would like to tell a personal story about why the word “zhyd,” a derogatory
reference to Jews, stirs so much emotion in Ukraine. The reason I am doing this
is discussion around a recent comment by my former university mate-turned-member
of parliament from Svoboda Party, Ihor Miroshnychenko. He called the Hollywood
actress of Ukrainian descent Mila Kunis is a “zhydivka.”
great-grandfather’s name was Efim Abramovich Kalishevsky. The name is telling,
but in Soviet days people used to hide very carefully the Jewish roots of one’s
relatives. Actually, my great-grandfather was a christened Jew, and some years
ago he married my grandmother Varvara Radzievska. They had two daughters, the elder
Susanna and younger Agnessa, my grandmother.
In the 1930s, my great-grandfather was a bishop of the
Ukrainian Autocephalous Church. In 1937, he was shot in the dungeons of the
October Palace for membership in counter-revolutionary church-based
nationalistic organization. I only found out about it in 1990.
big happy family lived in a semi-communal apartment on 24/7 Instytutska Street
in the very heart of Kyiv. The reason I say it was semi-communal was that three
of the vast rooms in this flat were taken up by my family, while the other one
was used by the authorities for lodging various underclass folks, with whom we
had to share our everyday existence and the mailing address.
My grandmother’s name was Agnessa Efimovna, and this Jewish name she also used
to hide. For her colleagues and the rest of the people around her she was Alla.
Until the age of five, I used to know her as “Granny Alla,” until one day I
picked up the phone when her close friend was calling.
friend asked to talk to Agnessa, and I was scared and said that Agnessa doesn’t
live here. I told this story to my parents and they explained to me that my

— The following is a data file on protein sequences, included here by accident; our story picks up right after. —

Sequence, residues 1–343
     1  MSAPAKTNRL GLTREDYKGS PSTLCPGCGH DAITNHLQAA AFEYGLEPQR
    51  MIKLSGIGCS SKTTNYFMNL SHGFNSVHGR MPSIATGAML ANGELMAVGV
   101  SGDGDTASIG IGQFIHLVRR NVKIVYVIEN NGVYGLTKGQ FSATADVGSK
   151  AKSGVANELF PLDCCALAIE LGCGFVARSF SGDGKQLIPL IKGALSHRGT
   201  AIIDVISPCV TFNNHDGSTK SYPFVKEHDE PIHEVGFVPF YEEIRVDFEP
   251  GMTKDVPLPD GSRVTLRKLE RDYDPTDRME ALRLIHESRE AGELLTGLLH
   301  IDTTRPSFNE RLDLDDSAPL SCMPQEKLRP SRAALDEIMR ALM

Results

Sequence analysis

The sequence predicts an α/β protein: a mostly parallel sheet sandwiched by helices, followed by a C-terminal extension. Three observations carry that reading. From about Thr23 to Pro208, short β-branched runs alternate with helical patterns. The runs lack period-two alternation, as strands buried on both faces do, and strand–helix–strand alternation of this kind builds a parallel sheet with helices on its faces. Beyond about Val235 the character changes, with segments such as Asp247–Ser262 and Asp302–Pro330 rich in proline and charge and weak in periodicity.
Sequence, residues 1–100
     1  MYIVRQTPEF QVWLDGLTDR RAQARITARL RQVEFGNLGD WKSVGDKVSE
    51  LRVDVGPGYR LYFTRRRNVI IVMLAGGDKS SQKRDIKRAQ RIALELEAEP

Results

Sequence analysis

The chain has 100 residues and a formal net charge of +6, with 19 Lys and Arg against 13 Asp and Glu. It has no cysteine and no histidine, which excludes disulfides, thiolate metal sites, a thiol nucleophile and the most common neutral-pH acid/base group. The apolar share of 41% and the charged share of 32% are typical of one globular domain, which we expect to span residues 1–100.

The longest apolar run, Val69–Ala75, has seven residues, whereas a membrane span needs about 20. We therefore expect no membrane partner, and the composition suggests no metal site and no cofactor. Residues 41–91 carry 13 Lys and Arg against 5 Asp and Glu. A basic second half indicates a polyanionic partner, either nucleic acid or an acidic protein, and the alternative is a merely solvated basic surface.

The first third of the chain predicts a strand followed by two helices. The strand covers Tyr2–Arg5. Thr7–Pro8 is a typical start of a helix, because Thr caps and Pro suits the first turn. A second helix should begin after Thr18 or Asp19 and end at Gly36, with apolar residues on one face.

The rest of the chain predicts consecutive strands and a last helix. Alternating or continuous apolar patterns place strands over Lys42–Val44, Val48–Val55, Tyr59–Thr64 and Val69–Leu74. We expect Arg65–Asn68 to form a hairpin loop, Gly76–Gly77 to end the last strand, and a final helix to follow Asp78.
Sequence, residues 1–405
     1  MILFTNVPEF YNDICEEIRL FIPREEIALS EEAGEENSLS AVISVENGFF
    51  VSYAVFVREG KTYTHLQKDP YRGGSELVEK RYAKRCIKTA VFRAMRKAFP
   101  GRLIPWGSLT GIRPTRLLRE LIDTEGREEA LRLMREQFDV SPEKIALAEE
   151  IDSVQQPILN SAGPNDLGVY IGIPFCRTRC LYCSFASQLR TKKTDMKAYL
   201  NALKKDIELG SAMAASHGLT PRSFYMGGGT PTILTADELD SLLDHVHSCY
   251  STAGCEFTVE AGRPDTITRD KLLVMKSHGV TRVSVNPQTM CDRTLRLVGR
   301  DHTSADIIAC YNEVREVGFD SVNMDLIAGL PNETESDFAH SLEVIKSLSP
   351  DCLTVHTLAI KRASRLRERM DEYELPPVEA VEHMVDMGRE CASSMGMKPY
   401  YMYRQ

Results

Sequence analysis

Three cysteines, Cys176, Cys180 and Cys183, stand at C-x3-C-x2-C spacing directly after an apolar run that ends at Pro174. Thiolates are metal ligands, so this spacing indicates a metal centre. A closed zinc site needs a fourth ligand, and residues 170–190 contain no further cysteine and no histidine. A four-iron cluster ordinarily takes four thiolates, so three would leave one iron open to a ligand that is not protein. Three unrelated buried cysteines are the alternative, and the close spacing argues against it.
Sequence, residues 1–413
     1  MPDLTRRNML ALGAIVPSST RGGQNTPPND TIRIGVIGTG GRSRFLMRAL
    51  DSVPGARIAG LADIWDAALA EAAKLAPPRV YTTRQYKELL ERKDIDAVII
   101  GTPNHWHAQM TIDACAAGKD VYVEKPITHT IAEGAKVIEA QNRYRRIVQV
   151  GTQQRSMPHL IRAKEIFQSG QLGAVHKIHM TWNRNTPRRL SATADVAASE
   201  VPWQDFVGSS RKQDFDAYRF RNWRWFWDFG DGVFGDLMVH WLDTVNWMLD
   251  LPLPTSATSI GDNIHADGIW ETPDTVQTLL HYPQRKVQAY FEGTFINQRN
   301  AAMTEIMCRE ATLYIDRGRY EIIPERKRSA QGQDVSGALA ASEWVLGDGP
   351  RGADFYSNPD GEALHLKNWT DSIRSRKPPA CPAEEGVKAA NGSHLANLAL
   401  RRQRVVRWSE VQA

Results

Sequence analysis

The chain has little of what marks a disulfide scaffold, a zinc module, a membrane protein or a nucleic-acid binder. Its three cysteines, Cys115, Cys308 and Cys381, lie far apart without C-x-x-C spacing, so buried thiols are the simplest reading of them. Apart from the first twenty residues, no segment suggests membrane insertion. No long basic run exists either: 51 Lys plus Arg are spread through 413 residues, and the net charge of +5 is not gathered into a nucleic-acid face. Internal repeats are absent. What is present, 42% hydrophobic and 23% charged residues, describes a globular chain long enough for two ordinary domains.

granny, who headed a lab in one of Kyiv’s infectious hospitals, wore shoes by
Chanel at the age of 60, used bright red lipstick and smoked Belomor
cigarettes, had two names. This is how my granny turned from Alla Efimovna to
underclass neighbors also knew my granny’s real name. In the late 1980s, the
fourth room in our flat was taken over by Uncle Yura, his wife and two little
daughters. Uncle Yura was a militiaman from Fastov, I think [a suburb town
outside Kyiv]. It is because of his job that he was lodged in a room of a flat
in the very center of Kyiv.
Yura had a tough job, so he got drunk rather frequently. A few times he got
very drunk and called me “little zhydovka” because my granny’s real name
haunted him. One day my father heard him say it, and he simply smashed his face
in our communal kitchen.
when Svoboda, in an attempt to whitewash their party member Miroshnychenko,
says that the word zhyd, or
Jew, is a Ukrainian literary archaism, and the rest of their blah-blah-blah, I
am not buying it. I know everything about it, and I know that the way this
particular word is used in our country is unfortunately offensive.
rest of my story has little to do with my main point, but nevertheless
it’s interesting and relevant. My fraternal grandfather, the husband of my
favorite granny Agnessa Efimovna, was called Taras Hryhorovych Diachenko. He
was a distant relative of another great Ukrainian, Taras Hryhorovych
Shevchenko, through artist Fotiy Krasitskiy, the grandson of Shevchenko’s elder
fact of distant kinship with the great Ukrainian poet, who used the archaic
word zhyd (Jew) in his
literary work, did not prevent my grandpa from marrying the daughter of an
enemy of people with a disreputable name and surname. And he never used
the word about my granny. My father was born in this complicated family, and so
of the people mentioned in this family story are living any more. Mila Kunis
has probably not heard the words of my ex-university mate Miroshnychenko, but I
did and it stirred a lot of emotions.
don’t mean to moralize. This is just my personal family story that demonstrates
the complex connections. And it also shows why I am still ready to smash the
face of anyone who calls someone a zhyd in
my presence. I also think that people should avoid the word to make sure people
don’t start hiding who they are and what their real name is.
Yulia McGuffie is the chief editor
of www.korrespondent.net, one of Ukraine’s
biggest online news portals.